On Tuesday (3-12), forty Kuwaiti women lawyers, scientists and academics participated in a rare public demonstration to demand the vote and the right to stand for parliament. Some of the women waving placards outside the only elected legislature in Gulf Arab states had been members of the civilian resistance during Iraq’s 1990-91 occupation. They accuses the government of reneging on a promise it made at that time to give women political rights. Women’s rights activists had hopes of winning the vote after liberation in 1991 because of the bravery shown by women in the resistance to Iraqi rule. During the occupation, the emir had said he would consider giving women the vote.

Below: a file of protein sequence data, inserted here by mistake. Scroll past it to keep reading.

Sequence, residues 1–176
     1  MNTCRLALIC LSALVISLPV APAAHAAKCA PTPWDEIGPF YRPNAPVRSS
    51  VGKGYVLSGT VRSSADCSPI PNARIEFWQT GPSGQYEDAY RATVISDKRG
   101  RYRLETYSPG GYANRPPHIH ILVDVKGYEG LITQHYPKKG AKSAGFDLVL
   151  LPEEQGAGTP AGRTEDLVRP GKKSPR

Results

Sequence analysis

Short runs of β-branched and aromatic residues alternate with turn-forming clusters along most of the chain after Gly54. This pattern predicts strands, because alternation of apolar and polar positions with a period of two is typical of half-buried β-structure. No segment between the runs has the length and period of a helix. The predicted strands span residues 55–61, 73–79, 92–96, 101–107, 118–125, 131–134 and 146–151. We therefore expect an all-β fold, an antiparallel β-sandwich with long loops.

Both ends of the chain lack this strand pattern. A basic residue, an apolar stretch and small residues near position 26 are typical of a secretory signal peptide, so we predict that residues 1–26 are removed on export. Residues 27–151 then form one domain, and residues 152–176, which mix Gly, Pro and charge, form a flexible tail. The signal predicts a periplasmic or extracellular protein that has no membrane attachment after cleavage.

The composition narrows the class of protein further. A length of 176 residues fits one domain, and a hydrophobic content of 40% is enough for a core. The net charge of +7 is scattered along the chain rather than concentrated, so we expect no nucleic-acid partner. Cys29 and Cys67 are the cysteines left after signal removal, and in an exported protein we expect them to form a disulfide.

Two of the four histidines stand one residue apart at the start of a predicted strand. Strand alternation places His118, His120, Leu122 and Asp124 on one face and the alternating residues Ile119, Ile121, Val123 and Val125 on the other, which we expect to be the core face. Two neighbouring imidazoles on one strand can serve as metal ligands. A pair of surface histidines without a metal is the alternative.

Following sporadic demonstrations over the 30 years they have fought for political rights, on Tuesday the women planted a blackhorn tree on the central reservation of a highway outside the building to symbolize the strength and endurance of Kuwaiti women. Women in Kuwait hold top positions in civil service, oil industry, and education, and are allowed to wear Western clothes and drive cars, yet they lack social and political equality with men.